It is unclear what causes HABs [harmful algae blooms]; their occurrence in some locations appears to be entirely natural, while in others they appear to be a result of human activities. Furthermore, there are many different species of algae that can form HABs, each with different environmental requirements for optimal growth. The frequency and severity of HABs in some parts of the world have been linked to increased nutrient loading from human activities. In other areas, HABs are a predictable seasonal occurrence resulting from coastal upwelling, a natural result of the movement of certain ocean currents. The growth of marine phytoplankton (both non-toxic and toxic) is generally limited by the availability of nitrates and phosphates, which can be abundant in coastal upwelling zones as well as in agricultural run-off. The type of nitrates and phosphates available in the system are also a factor, since phytoplankton can grow at different rates depending on the relative abundance of these substances (e.g. ammonia, urea, nitrate ion). A variety of other nutrient sources can also play an important role in affecting algal bloom formation, including iron, silica or carbon. Coastal water pollution produced by humans and systematic increase in sea water temperature have also been suggested as possible contributing factors in HABs. Other factors such as iron-rich dust influx from large desert areas such as the Sahara are thought to play a role in causing HABs. Some algal blooms on the Pacific coast have also been linked to natural occurrences of large-scale climatic oscillations such as El Niño events. While HABs in the Gulf of Mexico have been occurring since the time of early explorers such as Cabeza de Vaca, it is unclear what initiates these blooms and how large a role anthropogenic and natural factors play in their development. It is also unclear whether the apparent increase in frequency and severity of HABs in various parts of the world is in fact a real increase or is due to increased observation effort and advances in species identification technology.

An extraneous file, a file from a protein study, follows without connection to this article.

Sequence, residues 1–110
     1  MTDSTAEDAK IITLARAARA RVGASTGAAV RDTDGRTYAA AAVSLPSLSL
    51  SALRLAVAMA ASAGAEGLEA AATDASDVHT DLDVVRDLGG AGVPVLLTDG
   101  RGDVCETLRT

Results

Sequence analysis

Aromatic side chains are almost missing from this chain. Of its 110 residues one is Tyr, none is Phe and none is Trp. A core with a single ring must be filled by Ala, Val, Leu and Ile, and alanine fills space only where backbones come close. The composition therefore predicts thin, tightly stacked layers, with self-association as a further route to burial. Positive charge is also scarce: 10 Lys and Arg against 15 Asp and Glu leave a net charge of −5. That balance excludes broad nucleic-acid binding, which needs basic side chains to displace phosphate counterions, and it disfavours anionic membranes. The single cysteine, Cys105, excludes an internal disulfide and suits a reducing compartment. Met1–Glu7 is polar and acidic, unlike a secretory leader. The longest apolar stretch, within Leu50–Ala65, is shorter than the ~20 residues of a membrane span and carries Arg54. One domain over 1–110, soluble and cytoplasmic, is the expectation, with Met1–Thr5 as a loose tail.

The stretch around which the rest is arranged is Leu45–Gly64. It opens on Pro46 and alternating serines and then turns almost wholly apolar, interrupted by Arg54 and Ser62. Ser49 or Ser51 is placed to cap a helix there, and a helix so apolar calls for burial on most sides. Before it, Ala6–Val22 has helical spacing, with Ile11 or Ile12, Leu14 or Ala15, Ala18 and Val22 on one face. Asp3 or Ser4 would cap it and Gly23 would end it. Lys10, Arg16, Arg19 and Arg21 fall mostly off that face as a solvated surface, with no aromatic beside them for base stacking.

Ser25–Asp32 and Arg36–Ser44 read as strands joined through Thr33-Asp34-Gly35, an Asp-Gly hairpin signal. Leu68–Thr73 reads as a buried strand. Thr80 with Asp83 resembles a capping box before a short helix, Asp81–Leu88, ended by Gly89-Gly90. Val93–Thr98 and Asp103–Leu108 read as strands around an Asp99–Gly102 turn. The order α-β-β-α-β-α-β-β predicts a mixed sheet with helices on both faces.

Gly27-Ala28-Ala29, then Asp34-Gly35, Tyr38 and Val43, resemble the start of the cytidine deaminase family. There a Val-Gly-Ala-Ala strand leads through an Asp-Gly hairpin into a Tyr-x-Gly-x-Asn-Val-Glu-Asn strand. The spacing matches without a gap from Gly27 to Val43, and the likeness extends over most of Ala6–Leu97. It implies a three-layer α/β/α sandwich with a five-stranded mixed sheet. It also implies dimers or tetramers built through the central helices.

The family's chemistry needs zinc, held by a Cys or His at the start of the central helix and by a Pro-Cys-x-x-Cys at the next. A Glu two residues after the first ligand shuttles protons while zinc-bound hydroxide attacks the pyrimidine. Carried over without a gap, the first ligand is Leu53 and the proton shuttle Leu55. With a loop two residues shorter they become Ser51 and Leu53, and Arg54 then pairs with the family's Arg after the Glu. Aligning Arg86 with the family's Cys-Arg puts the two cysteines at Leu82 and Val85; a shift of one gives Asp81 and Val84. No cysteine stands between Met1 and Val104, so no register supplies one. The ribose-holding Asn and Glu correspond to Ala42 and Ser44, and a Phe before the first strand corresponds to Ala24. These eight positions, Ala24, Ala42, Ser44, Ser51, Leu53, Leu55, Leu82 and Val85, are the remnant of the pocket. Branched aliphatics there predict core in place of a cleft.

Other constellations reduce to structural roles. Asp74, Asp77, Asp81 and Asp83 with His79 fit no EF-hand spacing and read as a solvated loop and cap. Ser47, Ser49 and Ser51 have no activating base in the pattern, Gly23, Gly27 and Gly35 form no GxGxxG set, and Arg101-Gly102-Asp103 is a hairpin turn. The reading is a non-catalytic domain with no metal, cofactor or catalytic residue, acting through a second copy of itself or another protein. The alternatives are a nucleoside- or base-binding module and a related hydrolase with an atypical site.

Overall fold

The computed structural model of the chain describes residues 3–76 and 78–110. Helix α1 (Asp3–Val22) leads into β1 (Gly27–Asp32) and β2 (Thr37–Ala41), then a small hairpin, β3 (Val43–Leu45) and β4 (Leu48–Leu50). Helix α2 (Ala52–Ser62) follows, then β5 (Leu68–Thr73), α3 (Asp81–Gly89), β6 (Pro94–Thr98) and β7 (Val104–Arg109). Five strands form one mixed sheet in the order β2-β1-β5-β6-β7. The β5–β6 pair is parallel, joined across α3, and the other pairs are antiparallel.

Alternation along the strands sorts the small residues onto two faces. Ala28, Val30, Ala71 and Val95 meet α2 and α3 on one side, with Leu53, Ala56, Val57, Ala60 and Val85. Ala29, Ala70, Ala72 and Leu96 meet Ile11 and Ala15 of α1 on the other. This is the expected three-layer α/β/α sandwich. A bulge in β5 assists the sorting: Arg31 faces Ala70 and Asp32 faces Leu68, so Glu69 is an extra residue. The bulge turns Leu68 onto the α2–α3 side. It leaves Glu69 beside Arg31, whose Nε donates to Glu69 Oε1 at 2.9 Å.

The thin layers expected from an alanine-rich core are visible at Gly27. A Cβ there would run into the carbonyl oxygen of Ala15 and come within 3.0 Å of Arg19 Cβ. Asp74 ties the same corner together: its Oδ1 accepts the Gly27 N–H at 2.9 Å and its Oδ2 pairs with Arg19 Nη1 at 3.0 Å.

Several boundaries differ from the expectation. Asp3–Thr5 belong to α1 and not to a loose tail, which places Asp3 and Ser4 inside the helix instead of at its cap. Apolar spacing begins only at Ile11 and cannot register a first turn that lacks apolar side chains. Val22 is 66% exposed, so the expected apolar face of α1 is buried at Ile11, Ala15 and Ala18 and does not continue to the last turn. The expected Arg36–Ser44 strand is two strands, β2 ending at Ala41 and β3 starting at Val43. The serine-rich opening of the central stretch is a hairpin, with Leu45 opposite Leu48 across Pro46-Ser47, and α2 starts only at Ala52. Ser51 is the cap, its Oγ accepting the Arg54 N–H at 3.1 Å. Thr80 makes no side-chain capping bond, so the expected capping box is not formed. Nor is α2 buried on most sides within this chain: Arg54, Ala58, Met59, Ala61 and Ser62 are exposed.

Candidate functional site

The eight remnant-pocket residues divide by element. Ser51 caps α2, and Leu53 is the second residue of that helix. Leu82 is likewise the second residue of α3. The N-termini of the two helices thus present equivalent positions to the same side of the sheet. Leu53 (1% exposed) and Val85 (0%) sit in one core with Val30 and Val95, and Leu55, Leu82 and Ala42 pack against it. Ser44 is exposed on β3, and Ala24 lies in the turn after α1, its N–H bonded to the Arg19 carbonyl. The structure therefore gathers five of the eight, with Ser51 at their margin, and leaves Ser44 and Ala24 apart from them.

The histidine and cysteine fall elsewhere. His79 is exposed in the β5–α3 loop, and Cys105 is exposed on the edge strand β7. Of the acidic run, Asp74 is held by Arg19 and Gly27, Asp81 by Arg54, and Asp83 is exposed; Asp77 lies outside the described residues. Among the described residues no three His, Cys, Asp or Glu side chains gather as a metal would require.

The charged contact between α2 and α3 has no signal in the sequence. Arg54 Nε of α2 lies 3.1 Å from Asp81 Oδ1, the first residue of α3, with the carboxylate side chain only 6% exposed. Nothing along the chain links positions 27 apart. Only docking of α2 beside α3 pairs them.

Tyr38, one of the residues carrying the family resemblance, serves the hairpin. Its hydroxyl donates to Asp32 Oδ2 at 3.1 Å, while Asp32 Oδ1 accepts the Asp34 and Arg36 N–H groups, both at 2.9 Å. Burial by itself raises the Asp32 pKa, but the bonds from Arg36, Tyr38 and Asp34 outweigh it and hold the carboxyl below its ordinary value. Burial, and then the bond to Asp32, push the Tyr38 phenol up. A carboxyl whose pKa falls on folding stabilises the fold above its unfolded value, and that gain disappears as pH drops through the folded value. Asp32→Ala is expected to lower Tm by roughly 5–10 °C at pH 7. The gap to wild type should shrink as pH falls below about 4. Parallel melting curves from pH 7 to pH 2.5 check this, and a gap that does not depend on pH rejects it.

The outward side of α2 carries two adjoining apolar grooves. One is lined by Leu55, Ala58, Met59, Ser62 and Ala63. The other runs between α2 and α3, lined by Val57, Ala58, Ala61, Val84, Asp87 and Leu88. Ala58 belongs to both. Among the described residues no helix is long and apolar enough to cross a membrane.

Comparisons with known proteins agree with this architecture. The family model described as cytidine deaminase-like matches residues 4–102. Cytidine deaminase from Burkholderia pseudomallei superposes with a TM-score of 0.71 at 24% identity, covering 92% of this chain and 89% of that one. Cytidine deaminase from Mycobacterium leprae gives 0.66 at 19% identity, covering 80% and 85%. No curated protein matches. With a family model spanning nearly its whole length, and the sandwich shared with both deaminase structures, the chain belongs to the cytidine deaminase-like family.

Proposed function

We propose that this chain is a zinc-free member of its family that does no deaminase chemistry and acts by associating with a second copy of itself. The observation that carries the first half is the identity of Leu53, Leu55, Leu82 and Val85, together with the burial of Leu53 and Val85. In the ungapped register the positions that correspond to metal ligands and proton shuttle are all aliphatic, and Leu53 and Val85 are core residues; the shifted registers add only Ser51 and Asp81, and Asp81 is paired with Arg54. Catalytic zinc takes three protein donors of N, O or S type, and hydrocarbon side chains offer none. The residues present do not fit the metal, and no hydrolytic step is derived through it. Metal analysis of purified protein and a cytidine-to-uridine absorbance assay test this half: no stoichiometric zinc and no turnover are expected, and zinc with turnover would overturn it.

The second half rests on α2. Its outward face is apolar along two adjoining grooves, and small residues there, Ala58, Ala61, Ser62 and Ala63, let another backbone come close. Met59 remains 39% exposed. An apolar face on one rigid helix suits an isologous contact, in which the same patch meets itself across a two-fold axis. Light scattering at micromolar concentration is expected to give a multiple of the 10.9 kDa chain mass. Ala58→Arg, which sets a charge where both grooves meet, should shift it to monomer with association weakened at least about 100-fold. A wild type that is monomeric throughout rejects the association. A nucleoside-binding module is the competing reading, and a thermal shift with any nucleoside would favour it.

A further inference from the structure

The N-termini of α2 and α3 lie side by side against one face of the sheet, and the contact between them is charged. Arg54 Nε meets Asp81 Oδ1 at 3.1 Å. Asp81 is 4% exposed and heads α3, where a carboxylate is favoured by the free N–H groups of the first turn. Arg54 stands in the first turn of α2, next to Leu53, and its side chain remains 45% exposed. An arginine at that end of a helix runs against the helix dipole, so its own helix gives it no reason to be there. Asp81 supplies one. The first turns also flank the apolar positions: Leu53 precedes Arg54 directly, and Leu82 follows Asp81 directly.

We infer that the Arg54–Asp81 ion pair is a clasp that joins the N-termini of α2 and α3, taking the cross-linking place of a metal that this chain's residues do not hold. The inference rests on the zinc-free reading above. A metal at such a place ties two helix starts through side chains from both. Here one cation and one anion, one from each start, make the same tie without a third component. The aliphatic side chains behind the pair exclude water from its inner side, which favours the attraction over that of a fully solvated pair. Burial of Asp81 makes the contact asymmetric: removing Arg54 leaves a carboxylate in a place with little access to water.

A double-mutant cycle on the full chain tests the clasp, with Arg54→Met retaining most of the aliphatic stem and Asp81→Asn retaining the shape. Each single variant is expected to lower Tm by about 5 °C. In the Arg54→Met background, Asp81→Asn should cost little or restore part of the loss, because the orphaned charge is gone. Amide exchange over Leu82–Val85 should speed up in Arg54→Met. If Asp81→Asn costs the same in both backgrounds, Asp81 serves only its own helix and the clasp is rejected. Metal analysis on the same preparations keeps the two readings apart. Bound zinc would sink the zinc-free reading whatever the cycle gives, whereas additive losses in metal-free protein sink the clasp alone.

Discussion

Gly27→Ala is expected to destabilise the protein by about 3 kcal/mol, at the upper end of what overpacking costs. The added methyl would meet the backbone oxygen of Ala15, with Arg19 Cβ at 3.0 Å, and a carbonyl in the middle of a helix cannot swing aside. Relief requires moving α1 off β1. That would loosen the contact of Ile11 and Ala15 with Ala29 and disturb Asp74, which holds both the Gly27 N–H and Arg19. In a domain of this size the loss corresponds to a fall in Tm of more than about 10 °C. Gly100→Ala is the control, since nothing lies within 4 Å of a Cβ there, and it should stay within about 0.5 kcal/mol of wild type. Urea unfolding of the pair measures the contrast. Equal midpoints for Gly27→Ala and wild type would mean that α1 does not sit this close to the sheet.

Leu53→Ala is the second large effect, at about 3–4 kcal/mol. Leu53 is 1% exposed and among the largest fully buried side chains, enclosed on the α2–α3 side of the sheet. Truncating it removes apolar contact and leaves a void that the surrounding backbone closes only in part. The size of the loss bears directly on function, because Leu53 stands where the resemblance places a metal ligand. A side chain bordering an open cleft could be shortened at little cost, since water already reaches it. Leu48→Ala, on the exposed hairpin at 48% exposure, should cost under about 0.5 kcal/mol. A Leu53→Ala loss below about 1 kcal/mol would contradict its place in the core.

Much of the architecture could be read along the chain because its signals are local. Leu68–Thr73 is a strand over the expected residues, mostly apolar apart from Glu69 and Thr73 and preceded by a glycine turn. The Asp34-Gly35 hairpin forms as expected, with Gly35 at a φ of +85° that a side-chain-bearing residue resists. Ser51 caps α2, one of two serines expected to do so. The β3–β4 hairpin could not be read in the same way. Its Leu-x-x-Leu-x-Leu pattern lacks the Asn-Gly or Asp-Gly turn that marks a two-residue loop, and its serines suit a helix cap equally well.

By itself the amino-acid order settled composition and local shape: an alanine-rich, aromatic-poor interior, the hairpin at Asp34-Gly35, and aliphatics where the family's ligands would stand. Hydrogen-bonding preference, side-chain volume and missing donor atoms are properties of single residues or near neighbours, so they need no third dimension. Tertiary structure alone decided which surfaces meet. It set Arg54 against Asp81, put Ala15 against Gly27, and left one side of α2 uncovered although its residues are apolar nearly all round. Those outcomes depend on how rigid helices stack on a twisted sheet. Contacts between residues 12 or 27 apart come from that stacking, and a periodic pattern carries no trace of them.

Sources for this paragraph are as follows:
Sellner, K.G.; Doucette G.J., and Kirkpatrick G.J. (2003). “Harmful Algal blooms: causes, impacts and detection”. Journal of Industrial Microbiology and Biotechnology 30 (7): 383–406. doi:10.1007/s10295-003-0074-9. PMID 12898390
Van Dolah, F.M. (2000). “Marine Algal Toxins: Origins, Health Effects, and Their Increased Occurrence”. Environmental Health Perspectives (Brogan &) 108 (suppl.1): 133–141. doi:10.2307/3454638. JSTOR 3454638. PMC 1637787. PMID 10698729.
Clearly, this is a very complex issue. Algal blooms, some of them toxic and some of them leading to eutrophication, have been happening since the memory of Person runneth not to the contrary…and certainly since long before any upright ape figured out how to make soap. That doesn’t mean your dishwasher isn’t suffocating the nearest lake. But it does cast some doubt.